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Reviewers: Don Mather, Dick Stafford, Marc Bridle, John Eyles, Ian Lace, Colin Clarke

Vocalion CDSA6801


The Song is You
Silver's Serenade
Autumn in New York
All Blues
King Size Skins
Angel Eyes
Meaning of the Blues

Trumpets. Andy Cuss, Darren Wiles, Oliver Preece, Henry Collins
Trombones. Liam Kirkman, Barnaby Dickinson, Adrian Lane, Adrian Hallowell
Saxophones. Scott Garland, Paul Fawcus, Simon Haysom, Pete Wareham, Bob McKay
Piano. Matt O'Regan
Bass. Dave Jones
Drums. Pete Cater
On tracks 2,8,9&10. Ben Castle replaces Simon Haysom and Dave Williamson replaces Barnaby Dickinson

I have known of Peter Cater long before he was the drummer in the MYJO Band. A friend of mine had been at a Dinner Dance at the Manor Hotel in Meriden, when Peter Cater Snr. (Pete's Dad) had been unwell and sent his then very young son to do a dep. for him. "That young man", said my friend, i"s going to be a great drummer, look out for him"! How right he was. The first time I saw Pete in action was with MYJO and by then he was already a good Big Band Drummer. Having led a Big Band myself for many years, I know that two absolute essentials are a good Lead Trumpet and a good Drummer and there are no problems here in either of those departments. The Band is precise, brassy and exciting, the arrangements are different without being weird and it certainly swings. Good dynamics and intonation are also at the heart of a good Big Band and again there are no complaints to be made.

'The Song is You' is one of the greatest standard tunes and the Matt O'Regen arrangement shows it off to advantage, the Scott Garland solo on Alto is outstanding.

Frank Griffith's arrangements always appeal to me and 'Silver's Serenade' is well up to his usual high standard. Barnaby Dickinson plays an immaculate solo on 'Autumn in New York', another great standard. 'All Blues' is next up, Barnaby Dickinson is featured again along with Pete Wareham on Tenor, This brings me to my only beef on what is a very fine album and it's a personal one at that. Why do all young Tenor players have to sound like John Coltrane? It makes them all sound alike and there have been such a wealth of other greater(?) tenor players. Perhaps we have to look at the people who teach them for the answer, the Tenor players here are undeniably very good but they lack variety. 'Laura' is a Martin Williams arrangement and Martin can again always be relied on to come up with the goods, there is a fine Bass solo by Dave Jones. 'Phineas' features the excellent Scott Garland again on Alto and some nice Flugel from Oliver Preece. 'King Size Skins' is another fine chart from Martin Williams, Pete himself kicks the band into action and Bob McKay manages to make the Baritone sound as though it is easy to get round. There is also a fine contribution from Paul Fawcus on Alto, before some first class ensemble playing takes us to a close, but not before Pete has shown us just what a fine Big band Drummer he is.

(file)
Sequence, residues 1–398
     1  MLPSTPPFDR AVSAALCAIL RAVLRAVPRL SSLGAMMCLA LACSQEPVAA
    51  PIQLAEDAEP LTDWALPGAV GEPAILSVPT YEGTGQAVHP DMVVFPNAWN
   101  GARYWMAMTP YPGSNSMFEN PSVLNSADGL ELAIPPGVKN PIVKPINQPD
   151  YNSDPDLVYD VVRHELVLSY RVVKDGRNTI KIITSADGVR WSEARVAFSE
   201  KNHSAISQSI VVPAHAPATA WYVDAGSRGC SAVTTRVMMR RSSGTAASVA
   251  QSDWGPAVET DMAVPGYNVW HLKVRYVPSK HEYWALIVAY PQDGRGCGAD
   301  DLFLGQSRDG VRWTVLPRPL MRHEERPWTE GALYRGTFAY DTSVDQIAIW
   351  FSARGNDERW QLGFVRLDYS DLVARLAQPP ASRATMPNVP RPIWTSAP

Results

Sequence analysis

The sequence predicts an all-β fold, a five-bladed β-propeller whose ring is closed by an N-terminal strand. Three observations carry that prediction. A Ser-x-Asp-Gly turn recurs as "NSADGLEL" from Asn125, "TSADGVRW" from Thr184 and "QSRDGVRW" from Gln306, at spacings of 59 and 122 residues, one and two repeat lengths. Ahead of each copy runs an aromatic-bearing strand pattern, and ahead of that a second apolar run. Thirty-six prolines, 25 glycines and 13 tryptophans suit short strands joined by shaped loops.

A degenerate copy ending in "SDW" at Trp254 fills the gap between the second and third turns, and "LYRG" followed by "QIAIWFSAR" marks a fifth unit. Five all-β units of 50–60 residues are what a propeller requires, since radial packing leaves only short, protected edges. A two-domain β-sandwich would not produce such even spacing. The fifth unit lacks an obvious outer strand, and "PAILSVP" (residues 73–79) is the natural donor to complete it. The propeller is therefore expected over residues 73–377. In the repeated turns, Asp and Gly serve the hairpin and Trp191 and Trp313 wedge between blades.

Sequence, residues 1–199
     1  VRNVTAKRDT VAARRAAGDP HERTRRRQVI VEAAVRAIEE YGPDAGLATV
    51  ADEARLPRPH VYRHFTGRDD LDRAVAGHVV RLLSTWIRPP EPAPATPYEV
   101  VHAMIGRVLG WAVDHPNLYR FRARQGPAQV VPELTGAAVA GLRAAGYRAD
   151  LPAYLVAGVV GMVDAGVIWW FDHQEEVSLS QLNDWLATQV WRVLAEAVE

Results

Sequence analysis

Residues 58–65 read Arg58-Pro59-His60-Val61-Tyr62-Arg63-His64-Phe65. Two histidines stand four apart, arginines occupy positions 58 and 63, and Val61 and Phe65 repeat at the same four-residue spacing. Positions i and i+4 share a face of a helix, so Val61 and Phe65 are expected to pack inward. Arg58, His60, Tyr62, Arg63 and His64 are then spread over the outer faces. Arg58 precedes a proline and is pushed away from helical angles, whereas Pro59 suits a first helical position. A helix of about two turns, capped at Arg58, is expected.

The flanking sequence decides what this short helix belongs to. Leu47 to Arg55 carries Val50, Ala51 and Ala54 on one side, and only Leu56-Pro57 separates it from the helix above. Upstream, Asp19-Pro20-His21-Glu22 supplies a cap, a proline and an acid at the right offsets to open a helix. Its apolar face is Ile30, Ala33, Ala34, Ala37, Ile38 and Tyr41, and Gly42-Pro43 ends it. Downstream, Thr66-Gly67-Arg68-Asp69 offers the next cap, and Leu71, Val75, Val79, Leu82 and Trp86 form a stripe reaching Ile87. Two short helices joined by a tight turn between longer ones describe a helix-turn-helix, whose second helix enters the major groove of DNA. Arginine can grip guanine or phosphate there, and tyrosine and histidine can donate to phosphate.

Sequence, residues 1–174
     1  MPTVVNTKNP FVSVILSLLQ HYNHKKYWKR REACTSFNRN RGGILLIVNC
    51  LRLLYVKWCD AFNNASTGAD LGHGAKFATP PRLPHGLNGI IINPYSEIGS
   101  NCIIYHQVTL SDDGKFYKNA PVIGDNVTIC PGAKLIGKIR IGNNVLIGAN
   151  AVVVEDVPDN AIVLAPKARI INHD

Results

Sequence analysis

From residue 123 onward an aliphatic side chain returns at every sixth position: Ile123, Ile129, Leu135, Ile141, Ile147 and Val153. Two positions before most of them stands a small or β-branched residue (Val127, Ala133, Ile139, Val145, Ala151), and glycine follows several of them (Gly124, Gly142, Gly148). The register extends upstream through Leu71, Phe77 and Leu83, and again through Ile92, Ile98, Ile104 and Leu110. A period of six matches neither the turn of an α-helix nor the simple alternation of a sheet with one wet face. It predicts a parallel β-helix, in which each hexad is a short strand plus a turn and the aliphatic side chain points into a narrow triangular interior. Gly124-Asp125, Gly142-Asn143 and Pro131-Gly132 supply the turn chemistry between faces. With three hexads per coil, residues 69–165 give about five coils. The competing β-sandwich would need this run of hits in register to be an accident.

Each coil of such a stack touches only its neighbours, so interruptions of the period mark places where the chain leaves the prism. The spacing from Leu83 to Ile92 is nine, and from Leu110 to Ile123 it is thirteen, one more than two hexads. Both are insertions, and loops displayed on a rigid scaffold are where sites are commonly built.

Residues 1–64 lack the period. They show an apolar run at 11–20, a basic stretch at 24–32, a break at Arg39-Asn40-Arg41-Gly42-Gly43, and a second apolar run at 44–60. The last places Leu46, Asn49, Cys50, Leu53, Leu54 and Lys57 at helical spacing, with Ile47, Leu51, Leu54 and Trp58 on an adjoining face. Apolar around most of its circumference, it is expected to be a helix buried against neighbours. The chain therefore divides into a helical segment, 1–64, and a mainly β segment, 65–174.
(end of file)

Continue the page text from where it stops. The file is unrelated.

'Angel Eyes' has always been a popular ballad with 'jazzers', this arrangement by Dick Lieb shows the band off to good effect, neat ensemble passages, matching vibratos and good dynamics, once again Scott Garland is outstanding both as a section leader and soloist. 'Meaning of the Blues' is a showcase for Tenor Man Ben Castle already established as one of the up and coming musicians on the UK jazz scene and on this showing deservedly so. The band backing is just fine and helps the soloist to give of his best on this Dan Gailey chart. 'Nomad' an unusual arrangement by Frank Griffith which is very demanding of the Brass and finds Liam Kirkman on Electronic Valve Instrument, something new to me. There are further solos from Pete Wareham and Matt O'Regan.

In the days when there were regular UK tours by the Big Bands of Woody Herman, Buddy Rich and Maynard Ferguson, you attended knowing that in these bands you would hear the young men who would be the stars of the jazz scene in the future. Pete Caters Band has the same feel about it, this is a very good album by a very good band.

No wonder they are so popular on the Jazz Festival circuit.

Don Mather

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